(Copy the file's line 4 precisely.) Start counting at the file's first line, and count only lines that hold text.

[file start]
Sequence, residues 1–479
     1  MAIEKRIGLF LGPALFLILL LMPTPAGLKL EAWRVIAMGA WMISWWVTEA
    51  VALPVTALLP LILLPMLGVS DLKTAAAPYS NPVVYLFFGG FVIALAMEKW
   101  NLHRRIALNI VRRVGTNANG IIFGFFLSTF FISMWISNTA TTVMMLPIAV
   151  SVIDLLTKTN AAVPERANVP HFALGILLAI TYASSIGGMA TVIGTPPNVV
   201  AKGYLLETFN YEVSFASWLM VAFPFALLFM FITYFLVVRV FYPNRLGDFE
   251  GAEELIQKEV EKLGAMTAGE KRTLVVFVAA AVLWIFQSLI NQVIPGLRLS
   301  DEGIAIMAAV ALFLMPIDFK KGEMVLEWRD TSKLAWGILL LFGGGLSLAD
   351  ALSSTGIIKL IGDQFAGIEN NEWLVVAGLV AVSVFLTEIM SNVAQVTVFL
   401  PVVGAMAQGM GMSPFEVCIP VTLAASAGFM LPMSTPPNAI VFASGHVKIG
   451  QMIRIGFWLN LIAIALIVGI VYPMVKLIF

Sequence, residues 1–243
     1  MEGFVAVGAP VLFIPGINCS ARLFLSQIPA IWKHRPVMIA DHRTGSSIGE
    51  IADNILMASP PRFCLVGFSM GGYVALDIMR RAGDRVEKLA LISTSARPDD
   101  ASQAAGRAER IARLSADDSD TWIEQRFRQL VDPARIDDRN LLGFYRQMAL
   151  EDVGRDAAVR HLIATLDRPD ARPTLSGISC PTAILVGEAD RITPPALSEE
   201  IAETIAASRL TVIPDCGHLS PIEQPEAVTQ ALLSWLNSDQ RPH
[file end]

   101  NLHRRIALNI VRRVGTNANG IIFGFFLSTF FISMWISNTA TTVMMLPIAV